|Retooling for real time: New technology enters Beirut art scene
|Tarek Atoui hopes 'Smart Digits' will leave some fingerprints
"Artists want to use computer technology to interact creatively with an audience." Tarek Atoui closes his Macintosh laptop. "I can help them do that." Atoui is a busy man these days. For the better part of April and May he's conducting "Smart Digits" - "a computer workshop dealing with real time techniques and motion capture in the digital arts."
This news may not set you on fire but Beirut-area artists of various stripes have responded with great enthusiasm to what Atoui has to offer.
With 30 composers, sound and video artists and technicians involved, "Smart Digits" has as many participants as Atoui can handle and he says he has had to turn some people away.
Atoui describes himself as an electro-acoustic electronic musician and programmer. Born in Lebanon in 1980, he moved to Paris in 1998 on a French government scholarship to study business. He started composing music on computer and relocated to the French National Conservatoire, where this music is still on the cutting edge.
"If you're working on computer-generated music at the Conservatoire you really have to work on your own," he recalls. "Conceptualizing the sound, programming it, making it. For each project I build a new software."
Atoui is adept with software that allows artists to use movement - whether that of artist or audience - to shape the way video, light and music play out. This greatly enhances the possibilities of creative expression and brings artists a step closer to the holy grail of interactivity.
In Paris he co-founded the Asa Djinnia Collective with Uriel Barthelemi and began working with France's Puce Muse and Cesare studios, along with several theatrical companies. Anyone who attended the Arabic book fair at the Beirut International Exhibition and Leisure center (BIEL) in December 2005 would have encountered a sound installation Atoui created in collaboration with artist Ricardo Mbarak.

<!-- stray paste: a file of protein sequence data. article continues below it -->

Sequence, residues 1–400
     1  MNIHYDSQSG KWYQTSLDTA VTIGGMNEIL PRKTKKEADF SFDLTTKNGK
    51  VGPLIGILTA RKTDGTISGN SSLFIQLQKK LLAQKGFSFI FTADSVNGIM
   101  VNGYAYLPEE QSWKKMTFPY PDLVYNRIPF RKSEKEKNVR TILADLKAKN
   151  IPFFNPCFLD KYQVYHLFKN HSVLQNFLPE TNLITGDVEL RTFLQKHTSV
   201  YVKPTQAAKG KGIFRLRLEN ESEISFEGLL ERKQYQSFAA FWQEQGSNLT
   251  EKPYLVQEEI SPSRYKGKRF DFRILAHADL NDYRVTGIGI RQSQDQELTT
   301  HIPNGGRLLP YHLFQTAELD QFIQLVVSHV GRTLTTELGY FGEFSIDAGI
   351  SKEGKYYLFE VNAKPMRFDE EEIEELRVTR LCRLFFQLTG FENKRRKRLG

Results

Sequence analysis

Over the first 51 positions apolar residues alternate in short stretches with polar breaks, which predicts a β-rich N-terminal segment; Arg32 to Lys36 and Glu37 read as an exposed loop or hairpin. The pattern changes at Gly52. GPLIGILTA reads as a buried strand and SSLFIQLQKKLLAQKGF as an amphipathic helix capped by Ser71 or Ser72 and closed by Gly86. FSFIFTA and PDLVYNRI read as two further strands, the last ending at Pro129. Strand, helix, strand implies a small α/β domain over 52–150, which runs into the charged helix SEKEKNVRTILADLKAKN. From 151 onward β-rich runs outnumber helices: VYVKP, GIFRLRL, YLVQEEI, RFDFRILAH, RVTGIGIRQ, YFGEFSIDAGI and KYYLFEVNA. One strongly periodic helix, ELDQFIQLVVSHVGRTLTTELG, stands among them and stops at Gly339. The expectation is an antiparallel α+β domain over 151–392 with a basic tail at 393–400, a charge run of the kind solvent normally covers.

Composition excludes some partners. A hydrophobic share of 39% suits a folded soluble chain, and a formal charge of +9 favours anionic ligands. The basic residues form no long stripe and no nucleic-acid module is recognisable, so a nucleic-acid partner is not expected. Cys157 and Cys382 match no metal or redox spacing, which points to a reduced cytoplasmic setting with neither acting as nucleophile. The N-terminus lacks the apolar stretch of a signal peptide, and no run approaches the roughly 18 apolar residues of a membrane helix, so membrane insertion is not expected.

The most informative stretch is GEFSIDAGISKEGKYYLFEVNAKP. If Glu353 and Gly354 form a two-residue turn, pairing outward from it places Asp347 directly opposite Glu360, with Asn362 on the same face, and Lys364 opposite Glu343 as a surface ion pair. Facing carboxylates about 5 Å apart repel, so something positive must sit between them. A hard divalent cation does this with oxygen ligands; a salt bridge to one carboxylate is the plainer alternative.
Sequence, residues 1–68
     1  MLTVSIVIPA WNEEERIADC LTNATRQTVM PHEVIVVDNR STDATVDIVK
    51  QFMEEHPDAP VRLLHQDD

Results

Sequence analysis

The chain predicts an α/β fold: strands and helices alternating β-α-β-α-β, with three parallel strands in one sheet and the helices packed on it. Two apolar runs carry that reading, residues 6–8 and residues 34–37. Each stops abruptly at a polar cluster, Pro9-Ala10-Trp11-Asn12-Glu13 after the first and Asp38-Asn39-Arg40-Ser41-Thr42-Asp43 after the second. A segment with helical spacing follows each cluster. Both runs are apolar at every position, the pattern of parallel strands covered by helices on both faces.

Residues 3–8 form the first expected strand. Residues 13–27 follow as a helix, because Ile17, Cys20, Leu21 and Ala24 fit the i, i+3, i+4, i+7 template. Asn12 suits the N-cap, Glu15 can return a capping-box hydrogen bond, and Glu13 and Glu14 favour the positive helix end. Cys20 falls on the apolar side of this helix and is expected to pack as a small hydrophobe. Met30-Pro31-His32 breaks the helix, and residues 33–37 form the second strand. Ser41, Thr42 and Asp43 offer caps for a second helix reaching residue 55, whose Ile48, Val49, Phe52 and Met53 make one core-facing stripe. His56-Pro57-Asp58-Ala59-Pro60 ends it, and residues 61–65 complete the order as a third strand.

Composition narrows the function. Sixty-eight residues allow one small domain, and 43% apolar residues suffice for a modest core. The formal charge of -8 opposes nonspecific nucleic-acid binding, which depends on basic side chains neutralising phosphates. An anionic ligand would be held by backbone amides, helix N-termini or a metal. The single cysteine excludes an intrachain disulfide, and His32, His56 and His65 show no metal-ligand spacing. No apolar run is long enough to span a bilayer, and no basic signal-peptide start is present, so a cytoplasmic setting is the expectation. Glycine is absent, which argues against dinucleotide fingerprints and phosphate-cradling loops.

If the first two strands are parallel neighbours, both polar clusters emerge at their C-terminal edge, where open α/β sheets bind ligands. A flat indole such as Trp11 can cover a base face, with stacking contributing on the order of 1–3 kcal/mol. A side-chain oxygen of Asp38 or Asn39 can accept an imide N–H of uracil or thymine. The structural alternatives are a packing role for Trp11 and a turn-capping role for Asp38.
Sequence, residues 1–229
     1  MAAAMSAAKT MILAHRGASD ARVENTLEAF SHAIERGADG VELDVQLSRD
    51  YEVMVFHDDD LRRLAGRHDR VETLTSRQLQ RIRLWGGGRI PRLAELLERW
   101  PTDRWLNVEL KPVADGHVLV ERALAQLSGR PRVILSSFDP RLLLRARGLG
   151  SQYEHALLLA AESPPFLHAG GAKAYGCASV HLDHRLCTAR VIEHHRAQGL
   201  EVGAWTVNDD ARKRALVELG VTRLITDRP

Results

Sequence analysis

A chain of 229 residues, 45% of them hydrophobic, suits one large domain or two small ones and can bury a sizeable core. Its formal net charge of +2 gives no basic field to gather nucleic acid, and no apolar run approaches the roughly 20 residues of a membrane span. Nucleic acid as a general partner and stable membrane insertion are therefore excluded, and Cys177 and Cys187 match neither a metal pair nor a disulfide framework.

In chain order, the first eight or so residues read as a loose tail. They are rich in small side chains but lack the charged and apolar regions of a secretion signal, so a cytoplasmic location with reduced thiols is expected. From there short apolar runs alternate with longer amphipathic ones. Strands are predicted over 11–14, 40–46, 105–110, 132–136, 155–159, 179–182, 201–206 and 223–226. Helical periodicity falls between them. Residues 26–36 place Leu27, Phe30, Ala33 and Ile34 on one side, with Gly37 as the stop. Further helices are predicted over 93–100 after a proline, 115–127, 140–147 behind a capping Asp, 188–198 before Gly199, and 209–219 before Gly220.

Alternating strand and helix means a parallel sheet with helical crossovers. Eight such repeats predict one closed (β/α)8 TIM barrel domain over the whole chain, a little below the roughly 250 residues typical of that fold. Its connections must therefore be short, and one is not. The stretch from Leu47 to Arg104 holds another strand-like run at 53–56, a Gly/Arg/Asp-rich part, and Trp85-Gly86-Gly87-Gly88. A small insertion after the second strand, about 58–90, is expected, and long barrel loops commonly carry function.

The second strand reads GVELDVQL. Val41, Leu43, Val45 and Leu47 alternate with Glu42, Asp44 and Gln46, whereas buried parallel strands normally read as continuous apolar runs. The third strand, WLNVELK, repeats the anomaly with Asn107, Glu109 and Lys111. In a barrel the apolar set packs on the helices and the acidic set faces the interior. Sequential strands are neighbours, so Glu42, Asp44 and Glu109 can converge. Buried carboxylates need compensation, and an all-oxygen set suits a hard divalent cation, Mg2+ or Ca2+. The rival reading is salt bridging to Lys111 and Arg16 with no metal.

"I'm moving back and forth between the titles 'artist' and 'technician,'" he says, rubbing a smear off his computer. "I don't really care about what label is used to describe my work because it's the work itself that's nourishing.
"In Europe there is a real live electronic music scene. Everyone there is interested in humanizing the machine. As a composer you have the choice of being either a studio artist or one that improvises live. What I noticed when I came back last summer is that live electronic music is almost completely absent in Beirut. There are plenty of DJs but few musicians who make live electronic music."
"Smart Digits" got started on April 7. Between now and May 19, Atoui is offering 20 hours of individual, project-specific instruction to each participant. On May 25, he is hoping to mount an exhibition at the Gemmayzeh gallery Espace SD, sampling some of the work that emerges from the workshop. Depending on how the individual sessions proceed, Atoui would also like to have the work adjudicated, recorded on DVD and distributed around Europe.
The stuff of "Smart Digits" may sound esoteric, then, but it promises to have a lasting impact on Beirut's artistic and musical output.
"What encourages me," Atoui says, "is that there are artists in Beirut who have a definite idea of how they want to interact with the public but simply had no idea how to carry that out. This workshop is about giving them the tools to do so."